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Imagine if you have lived your entire life one way, with one set of beliefs about the world. You have spent your life feeling contented and haven't questioned anyone or anything in regards to your life. Along with that, you have been produced from a society that discourages any sort of individual thinking at all. School has trained you, almost since birth, to not think at all, but to simply follow along with the masses. This all describes Montag. He does not have the tools to think on his own, because he has never done it. He has no idea why he is unhappy, and why everyone around him is miserable, he just starts to notice that they are. But how could he possibly know why? He thinks it has something to do with books, so he tries, on his own, to latch onto books, thinking that they will give the answers. But it is hard for him. He has to read certain passages over and over, trying to figure out what they mean, and it is hard going. The books states, that Montag "read a page as many as ten times, aloud," trying to glean the meaning from them. He wonders,
"maybe the books can get us out of the cave. They might stop us from making the same damn mistakes!"
So, Montag does try to find answers to his unhappiness, and his disillusionment with the world. But he doesn't know how to; he doesn't know why books are important. And, when he leaves home and tries to read on the subway, society itself undermines him with its constant commercials and noise. He can't even think straight. So, he turns to Faber, who he's had a conversation with before, who he senses knows the answers to his questions. With Faber's help, Montag finally finds the direction that he is seeking. Faber was there when books were around, helping people to think and find meaning in their lives, so he can help teach Montag.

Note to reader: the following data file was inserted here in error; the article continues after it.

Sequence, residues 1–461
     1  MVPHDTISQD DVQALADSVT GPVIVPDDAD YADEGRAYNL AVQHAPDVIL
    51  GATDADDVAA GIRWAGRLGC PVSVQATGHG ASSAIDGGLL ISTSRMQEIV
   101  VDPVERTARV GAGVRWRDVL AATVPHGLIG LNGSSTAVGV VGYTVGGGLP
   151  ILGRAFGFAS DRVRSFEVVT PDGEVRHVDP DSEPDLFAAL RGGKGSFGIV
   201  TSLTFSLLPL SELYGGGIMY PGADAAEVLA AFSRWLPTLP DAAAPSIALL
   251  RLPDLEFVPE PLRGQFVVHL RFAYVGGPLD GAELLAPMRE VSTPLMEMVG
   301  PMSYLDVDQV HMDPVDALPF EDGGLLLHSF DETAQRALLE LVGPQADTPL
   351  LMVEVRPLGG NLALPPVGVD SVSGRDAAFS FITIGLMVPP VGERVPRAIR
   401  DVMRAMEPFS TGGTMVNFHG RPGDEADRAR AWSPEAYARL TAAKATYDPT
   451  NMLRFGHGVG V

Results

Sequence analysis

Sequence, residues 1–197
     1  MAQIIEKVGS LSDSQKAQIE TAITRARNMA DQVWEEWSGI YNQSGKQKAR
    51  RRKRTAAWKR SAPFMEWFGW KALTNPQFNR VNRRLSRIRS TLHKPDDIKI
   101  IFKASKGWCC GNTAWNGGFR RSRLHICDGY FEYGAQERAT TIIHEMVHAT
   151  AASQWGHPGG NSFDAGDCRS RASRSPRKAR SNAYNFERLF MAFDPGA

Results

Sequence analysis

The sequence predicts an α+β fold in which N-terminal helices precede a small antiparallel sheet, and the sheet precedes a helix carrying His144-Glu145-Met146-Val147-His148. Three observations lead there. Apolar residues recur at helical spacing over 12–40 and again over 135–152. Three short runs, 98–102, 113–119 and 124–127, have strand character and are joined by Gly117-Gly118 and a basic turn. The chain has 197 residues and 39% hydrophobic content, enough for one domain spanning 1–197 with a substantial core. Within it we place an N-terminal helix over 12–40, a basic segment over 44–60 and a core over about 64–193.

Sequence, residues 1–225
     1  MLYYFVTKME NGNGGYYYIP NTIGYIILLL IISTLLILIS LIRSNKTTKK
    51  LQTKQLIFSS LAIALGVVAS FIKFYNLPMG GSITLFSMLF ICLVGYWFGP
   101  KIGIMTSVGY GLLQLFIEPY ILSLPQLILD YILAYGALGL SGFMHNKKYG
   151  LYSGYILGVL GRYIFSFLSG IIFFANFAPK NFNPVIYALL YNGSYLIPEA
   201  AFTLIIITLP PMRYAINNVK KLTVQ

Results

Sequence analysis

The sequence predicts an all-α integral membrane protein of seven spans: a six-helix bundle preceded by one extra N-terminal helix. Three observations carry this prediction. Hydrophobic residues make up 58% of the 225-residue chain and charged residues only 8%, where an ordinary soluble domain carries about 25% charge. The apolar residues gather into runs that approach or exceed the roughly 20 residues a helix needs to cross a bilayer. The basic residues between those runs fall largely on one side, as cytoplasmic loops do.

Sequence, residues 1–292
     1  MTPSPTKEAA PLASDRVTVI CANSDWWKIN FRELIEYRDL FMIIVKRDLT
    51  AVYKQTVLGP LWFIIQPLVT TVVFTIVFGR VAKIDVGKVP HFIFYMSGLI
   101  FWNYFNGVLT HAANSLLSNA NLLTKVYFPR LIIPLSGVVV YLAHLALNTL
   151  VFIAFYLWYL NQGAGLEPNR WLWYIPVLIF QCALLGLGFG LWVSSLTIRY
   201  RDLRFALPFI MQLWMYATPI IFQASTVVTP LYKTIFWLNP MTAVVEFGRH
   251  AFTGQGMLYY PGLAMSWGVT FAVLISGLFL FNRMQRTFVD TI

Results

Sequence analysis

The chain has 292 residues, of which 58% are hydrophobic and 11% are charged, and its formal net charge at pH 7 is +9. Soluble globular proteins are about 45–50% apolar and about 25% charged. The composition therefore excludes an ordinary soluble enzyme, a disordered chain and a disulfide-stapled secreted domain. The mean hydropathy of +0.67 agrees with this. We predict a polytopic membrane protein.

I hope that those thoughts help; good luck!
Montag seeks out Faber after having failed at being able to glean any sort of meaning from books when reading them by himself. Frist of all, Montag has not grown up in a literature-based society; when he attempts to read the books, he doesn't really know anything about plot sturcture, themes, etc., so he probably feels quite lost. He thought books would be the answer to what was seemingly missing from his life, from society. But he becomes frustrated when they don't offer up an "easy" solution. So, he seeks out Faber. Faber is able to explain to Montag what their society is really lacking, and it's not just books. He explains that it's the quality of information found in the books (as opposed to the mindless television programs the people watch in the society), as well as having leisure time to think and converse, as well as having the right and power to do something about one's thoughts.
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